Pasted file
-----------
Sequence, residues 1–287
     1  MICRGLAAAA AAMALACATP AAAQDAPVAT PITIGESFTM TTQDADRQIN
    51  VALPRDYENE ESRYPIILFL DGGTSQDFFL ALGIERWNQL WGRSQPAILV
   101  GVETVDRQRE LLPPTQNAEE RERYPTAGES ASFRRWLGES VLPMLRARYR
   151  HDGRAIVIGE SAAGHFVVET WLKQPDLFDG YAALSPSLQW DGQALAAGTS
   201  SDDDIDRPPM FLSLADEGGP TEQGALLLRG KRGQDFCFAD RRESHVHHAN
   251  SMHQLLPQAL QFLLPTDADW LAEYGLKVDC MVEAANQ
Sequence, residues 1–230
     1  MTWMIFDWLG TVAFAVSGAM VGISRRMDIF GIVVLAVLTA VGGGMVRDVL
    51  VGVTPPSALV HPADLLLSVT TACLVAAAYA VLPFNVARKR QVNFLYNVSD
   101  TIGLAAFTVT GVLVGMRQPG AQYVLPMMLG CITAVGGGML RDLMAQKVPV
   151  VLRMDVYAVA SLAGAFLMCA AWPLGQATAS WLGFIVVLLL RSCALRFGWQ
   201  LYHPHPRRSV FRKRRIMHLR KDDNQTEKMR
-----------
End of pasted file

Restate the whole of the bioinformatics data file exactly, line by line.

Sequence, residues 1–287
     1  MICRGLAAAA AAMALACATP AAAQDAPVAT PITIGESFTM TTQDADRQIN
    51  VALPRDYENE ESRYPIILFL DGGTSQDFFL ALGIERWNQL WGRSQPAILV
   101  GVETVDRQRE LLPPTQNAEE RERYPTAGES ASFRRWLGES VLPMLRARYR
   151  HDGRAIVIGE SAAGHFVVET WLKQPDLFDG YAALSPSLQW DGQALAAGTS
   201  SDDDIDRPPM FLSLADEGGP TEQGALLLRG KRGQDFCFAD RRESHVHHAN
   251  SMHQLLPQAL QFLLPTDADW LAEYGLKVDC MVEAANQ
Sequence, residues 1–230
     1  MTWMIFDWLG TVAFAVSGAM VGISRRMDIF GIVVLAVLTA VGGGMVRDVL
    51  VGVTPPSALV HPADLLLSVT TACLVAAAYA VLPFNVARKR QVNFLYNVSD
   101  TIGLAAFTVT GVLVGMRQPG AQYVLPMMLG CITAVGGGML RDLMAQKVPV
   151  VLRMDVYAVA SLAGAFLMCA AWPLGQATAS WLGFIVVLLL RSCALRFGWQ
   201  LYHPHPRRSV FRKRRIMHLR KDDNQTEKMR